Mon 15 Oct 2007
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X-Posted from my campaign website.
I hadn’t heard of this organization prior to this election but they appear to have been active for the last 10 years.
Friends of Affordable Housing is a non-partisan Political Action Committee that has been active in selective elections within Orange County during the last 10 year. The organization was first organized to support the Orange ballot for Affordable Housing Bond Money. The committee has also periodically sent questionnaires to candidates running for Orange County Commissioner and Chapel Hill Town Council.
Core members of the committee felt the residents of Chapel Hill should have the opportunity to know the positions of the various candidates running in 2007 for Chapel Hill Town Council. The Committee felt the relocation of the IFC, the transition to more attached multi-story housing, the opportunity for more affordable housing in Carolina North, and the possibility of selective use of “payment in lieu” of affordable housing units were issues of significant concern for Chapel Hill residents. The committee members are all long standing residents of Chapel Hill. The four review committee members have extensive executive committee experience in non-profit boards including the IFC, Habitat for Humanity, Dispute Settlement Center, YMCA and various Orange County boards including the Commissioners Committee on Affordable Housing. Committee members have also consulted with staff members of several of the Affordable Housing providers.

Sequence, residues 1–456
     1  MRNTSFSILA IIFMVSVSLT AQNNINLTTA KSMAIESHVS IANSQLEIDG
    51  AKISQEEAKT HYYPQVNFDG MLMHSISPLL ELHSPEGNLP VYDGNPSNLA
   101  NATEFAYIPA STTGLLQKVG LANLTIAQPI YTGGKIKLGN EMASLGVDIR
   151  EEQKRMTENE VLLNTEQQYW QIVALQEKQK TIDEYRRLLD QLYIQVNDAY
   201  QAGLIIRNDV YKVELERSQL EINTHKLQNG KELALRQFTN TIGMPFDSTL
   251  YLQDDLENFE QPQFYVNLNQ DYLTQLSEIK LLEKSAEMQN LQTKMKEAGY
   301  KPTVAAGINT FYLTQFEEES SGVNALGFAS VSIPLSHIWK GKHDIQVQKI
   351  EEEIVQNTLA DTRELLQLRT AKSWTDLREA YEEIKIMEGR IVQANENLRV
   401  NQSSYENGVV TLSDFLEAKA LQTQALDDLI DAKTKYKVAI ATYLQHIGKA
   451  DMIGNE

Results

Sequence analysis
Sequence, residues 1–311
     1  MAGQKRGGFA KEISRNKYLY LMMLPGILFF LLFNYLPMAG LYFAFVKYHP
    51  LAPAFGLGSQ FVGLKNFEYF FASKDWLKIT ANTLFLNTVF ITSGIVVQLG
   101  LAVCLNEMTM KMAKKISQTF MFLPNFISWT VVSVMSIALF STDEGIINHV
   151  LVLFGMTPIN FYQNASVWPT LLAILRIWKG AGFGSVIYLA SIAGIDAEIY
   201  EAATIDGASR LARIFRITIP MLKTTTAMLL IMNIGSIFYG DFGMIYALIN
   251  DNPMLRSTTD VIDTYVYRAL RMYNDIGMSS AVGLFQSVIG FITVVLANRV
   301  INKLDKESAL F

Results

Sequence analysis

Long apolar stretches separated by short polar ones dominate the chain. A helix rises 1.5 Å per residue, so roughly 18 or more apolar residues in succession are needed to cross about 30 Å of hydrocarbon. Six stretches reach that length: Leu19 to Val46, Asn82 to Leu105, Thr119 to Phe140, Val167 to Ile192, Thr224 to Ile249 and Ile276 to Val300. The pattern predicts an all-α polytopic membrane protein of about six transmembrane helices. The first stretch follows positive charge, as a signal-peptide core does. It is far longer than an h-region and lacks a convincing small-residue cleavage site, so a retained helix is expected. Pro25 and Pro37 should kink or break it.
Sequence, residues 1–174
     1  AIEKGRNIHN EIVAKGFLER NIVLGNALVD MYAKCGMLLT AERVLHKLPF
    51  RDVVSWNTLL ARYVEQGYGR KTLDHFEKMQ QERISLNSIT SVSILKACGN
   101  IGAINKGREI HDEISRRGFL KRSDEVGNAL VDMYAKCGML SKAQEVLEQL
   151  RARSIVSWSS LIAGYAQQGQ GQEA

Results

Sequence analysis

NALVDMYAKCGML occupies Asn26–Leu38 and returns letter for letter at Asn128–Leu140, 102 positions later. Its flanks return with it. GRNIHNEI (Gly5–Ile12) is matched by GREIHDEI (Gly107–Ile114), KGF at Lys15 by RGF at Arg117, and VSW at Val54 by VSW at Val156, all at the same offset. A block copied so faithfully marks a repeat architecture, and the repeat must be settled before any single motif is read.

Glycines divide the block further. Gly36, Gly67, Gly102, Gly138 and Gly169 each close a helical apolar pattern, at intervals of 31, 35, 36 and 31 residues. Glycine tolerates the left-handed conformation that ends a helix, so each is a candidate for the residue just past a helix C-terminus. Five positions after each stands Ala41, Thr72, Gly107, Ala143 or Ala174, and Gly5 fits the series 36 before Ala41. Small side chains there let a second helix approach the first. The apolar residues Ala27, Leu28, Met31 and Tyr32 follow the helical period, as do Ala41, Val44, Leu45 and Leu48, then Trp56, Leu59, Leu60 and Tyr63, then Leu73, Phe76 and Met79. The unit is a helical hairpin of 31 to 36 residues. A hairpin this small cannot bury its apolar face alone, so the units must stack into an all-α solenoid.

The NC Board of Elections has informed us that Friends of Affordable Housing does not have to register as a formal PAC for the 2007 election because we will not be raising money to support a specific candidate or issue.